Is CTR an SEO Ranking Factor?

Is click-through-rate (CTR) a ranking factor? It’s a valid question. We’re here to provide the answers and evidence.

Whether or not CTR contributes to ranking or not, make no mistake that this SEO reporting metric is incredibly valuable. Nobody wants to create content that gets no clicks, everything we do as an SEO agency boils down to traffic, visibility and conversions – CTR has a role to play in all of this.

Now, let’s get onto the debate!

What is organic click-through rate?

Starting at it’s most basic level, a click is the act of a user seeing your result in the search engine results page (SERP) and clicking the link through to the page. So, the click-through rate is a metric that summarises how often a user clicks.

The sum that marketers use to measure click-through rate is the total number of impressions divided by the number of clicks.

On average, a click-through rate above 3% is considered a reasonable rate for SEO. 

In SEO, a good click-through rate is a good indication of how relevant the content is to the search query. Relevancy and search intent are confirmed ranking factors, which is why so many SEOs ask the all important question about CTR.

Is CTR a confirmed ranking factor?

As far as Google’s guidelines go, click through rate has not ever been confirmed as a ranking factor. However, Google HQ never really tells us what’s happening behind closed doors… which we already knew.

Therefore, we must rely on what the data tells us and evidence from industry experts to make an informed decision.

Today, search engines employ complex machine learning and artificial intelligence to work out the quality of a webpage. Google has had access to a wide variety of user experience metrics for quite some time now, but the Helpful Content Update suggests that indirect metrics (like backlinks and CTR) no longer play as big of a role as pre-rollout.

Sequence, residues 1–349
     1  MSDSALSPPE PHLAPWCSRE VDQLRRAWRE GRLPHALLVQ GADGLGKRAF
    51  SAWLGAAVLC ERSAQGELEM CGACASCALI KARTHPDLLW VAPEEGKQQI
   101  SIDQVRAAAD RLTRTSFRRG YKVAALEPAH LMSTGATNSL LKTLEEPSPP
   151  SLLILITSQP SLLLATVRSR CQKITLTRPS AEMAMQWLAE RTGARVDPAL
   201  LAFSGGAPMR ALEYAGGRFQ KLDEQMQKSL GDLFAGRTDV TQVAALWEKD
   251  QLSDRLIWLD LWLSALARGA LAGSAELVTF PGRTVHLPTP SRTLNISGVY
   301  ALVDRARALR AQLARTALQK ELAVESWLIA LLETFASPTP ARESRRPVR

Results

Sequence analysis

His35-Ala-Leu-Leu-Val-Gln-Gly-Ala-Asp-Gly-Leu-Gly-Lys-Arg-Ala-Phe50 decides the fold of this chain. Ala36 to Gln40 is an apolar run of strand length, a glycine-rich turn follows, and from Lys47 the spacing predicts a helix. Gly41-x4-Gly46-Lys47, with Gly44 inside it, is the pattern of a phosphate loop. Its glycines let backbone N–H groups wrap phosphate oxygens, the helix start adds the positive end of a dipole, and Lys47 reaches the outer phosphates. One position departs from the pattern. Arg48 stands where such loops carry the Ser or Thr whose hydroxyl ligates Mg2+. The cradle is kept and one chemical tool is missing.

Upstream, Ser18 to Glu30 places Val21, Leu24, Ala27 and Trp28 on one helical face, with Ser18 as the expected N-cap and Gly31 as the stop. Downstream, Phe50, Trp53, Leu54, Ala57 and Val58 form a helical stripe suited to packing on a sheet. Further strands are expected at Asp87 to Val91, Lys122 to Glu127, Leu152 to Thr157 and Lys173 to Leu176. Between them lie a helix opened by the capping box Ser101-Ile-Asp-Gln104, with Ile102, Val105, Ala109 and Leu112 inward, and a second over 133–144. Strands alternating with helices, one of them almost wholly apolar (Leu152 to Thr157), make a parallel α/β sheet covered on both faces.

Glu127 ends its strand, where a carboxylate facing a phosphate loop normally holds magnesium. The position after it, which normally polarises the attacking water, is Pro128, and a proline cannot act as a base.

There are two arguments that we must explore here, but regardless of the outcome, optimise for user intent for better engagement and higher results. 

Reasons why Google would reward a higher CTR

Google’s number one goal is to keep its users satisfied and retain them as search engine users. To do this, it must logically and effectively organise content in a way that makes finding valuable information easy.

Therefore, user behaviour could alter how Google prioritises ranking positions. If a page in position 10 gains an unexpectedly high number of clicks consistently, this indicates that the content satisfies the searchers needs.

So then, would rewarding this webpage with higher rankings help Google achieve their goal? Many SEOs believe that Google plays close attention to user behaviour to understand how valuable a piece of content is. If this is the case, a page generating a high volume of clicks would be perceived as relevant to the search query.

Google’s former Search Quality Chief, Udi Manber said:

“The ranking itself is affected by the click data. If we discover that, for a particular query, hypothetically, 80 percent of people click on Result No. 2 and only 10 percent click on Result No. 1, after a while, we figure probably Result 2 is the one people want. So we’ll switch it.”